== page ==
Breaking News! The Senate (DOI subcommittee) has created a version of an Appropriations bill that will not kill tens of thousands of wild horses.
The Presidents proposed spending bill for Fiscal year 2018 cut the Bureau of Land Management budget by ten million dollars. The version passed by the House of Representatives included language that would have seen tens of thousands of wild horses shot.
Today the United States Senate created a version of the bill, included with no need for another vote, that increases the budget for the wild horse and burro program by 5 million dollars. The condition of the increased budget is that the agency find humane management solutions that work on the range.
“We have been working diligently to demonstrate that we can manage wild horses humanely on the range,” said Laura Leigh President of Wild Horse Education, “Our work takes a site by site approach that uses modern tools to monitor and manage. We are overjoyed that this information is being understood.”
The House version has the language to kill wild horses and the Senate version does not. Both versions now make their way into conference.
“The battle is not won yet,” said Leigh “But we are finally on the track of sanity.”
Where to from here?
Next step is to turn the House. (We have also had some important legislation introduced in the “big picture” and we will have more on how you can help move that through soon!)
You can send a free fax over the holiday weekend.
Senate: “I do not want any federal funds used to kill healthy wild horses. I want restrictions to the BLM “sale program” to be maintained. Killing any healthy wild horse, or facilitating such actions through sales, is not acceptable. The Department of Interior budget has multiple options to save a few million dollars. Not one subsidy to livestock is addressed in the budget and the federal grazing program is out of control. The wild horses should not be shot or sent to slaughter to continue the broken grazing program. As an American I find it unacceptable, completely unacceptable.”
Kids can help!
#Kids4WildHorses is taking letters to Congress (in person and by mail). We all must be mindful about the world we leave to our children.
click here for more: https://wildhorseeducation.org/2017/10/25/4-leg-brigade-kids-can-help-wild-horses/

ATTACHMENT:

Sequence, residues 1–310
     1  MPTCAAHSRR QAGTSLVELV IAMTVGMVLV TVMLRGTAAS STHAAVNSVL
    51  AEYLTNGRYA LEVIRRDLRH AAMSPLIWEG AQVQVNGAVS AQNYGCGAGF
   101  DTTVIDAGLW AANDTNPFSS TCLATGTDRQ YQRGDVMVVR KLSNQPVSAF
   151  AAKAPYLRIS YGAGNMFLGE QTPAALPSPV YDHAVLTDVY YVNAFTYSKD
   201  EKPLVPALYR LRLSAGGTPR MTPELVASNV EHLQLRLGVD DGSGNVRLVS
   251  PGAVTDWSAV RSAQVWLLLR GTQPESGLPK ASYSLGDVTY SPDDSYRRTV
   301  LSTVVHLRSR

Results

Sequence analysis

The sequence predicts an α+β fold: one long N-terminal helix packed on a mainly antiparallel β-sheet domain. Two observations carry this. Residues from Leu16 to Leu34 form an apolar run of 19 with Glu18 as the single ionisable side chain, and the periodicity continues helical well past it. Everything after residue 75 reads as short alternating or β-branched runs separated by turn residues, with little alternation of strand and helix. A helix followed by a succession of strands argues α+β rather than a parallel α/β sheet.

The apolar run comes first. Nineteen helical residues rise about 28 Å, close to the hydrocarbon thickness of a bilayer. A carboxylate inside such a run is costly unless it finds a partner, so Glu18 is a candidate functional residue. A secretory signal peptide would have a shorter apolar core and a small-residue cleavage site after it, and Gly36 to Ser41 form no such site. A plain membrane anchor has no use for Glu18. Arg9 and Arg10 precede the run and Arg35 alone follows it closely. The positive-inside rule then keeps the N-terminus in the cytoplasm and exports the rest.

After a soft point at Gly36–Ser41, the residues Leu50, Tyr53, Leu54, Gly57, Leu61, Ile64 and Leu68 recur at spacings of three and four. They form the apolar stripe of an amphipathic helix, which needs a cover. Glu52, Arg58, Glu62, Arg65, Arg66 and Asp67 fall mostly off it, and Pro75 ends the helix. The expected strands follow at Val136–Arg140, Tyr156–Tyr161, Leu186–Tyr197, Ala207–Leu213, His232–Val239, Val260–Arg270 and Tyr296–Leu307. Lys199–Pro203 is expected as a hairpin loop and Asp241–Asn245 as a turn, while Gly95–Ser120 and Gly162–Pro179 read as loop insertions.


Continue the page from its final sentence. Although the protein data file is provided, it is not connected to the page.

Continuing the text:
Wild Horses and Burros.—The Committee appreciates the seriousness
with which the request takes the on-range overpopulation
of wild horses and burros. With on-range wild horse population 270
percent over Appropriate Management Level; on-range wild horse
populations doubling roughly every 4 years; adoption numbers
steadily decreasing over the last decade, and unlikely to return to
historic levels; range conditions inadequate to sustain both wild
horses and burros and native wildlife habitat; and significant trespass
issues and instances where wild horses are found outside designated
Herd Management Areas, the Committee recognizes that
bold steps must be taken to put this program on a path to sustainability.
The Committee looks forward to the release of the report
required by the Statement of Managers accompanying division G of
the Omnibus Appropriations Act of 2017 and is hopeful that it will
contain a range of humane and politically viable options that can
collectively be implemented to drastically reduce on-range populations
and a variety of methods to limit unsustainable on-range
reproduction and the Committee has provided an additional
$5,000,000 to begin this effort. The Committee again asserts its position
that no one solution will resolve this issue and multiple approaches
employed together are necessary to controlling the current
unsustainable trajectory of wild horse and burro population
The work is not finished. We need to push the investigations forward for accountability. We need to prepare more documents and continue to present our site specific analysis and solution documents. Help us build the tools for a sustainable tomorrow for our wild horses and wild places. Humane and sane management is possible. We still have a lot of work to get this done on the range.
Can you help us turn up the heat?
Categories: Wild Horse Education